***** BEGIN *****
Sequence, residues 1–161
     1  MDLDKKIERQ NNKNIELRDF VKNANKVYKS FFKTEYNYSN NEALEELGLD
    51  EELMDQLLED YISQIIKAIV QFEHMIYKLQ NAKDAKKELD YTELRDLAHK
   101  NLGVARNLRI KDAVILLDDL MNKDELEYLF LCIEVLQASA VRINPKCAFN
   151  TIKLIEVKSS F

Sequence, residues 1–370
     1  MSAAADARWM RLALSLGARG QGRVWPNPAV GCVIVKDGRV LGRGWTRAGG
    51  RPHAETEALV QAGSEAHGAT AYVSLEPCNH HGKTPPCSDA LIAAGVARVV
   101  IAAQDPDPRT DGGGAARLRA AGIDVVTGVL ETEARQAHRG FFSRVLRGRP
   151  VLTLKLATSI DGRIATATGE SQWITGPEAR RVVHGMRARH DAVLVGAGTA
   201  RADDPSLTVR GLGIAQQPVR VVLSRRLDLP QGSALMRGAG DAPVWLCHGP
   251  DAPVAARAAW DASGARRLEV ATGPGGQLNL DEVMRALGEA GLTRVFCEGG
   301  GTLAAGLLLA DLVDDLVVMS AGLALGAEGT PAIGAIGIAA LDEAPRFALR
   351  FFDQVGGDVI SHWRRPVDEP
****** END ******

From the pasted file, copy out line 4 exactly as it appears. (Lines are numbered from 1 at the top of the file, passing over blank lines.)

   101  NLGVARNLRI KDAVILLDDL MNKDELEYLF LCIEVLQASA VRINPKCAFN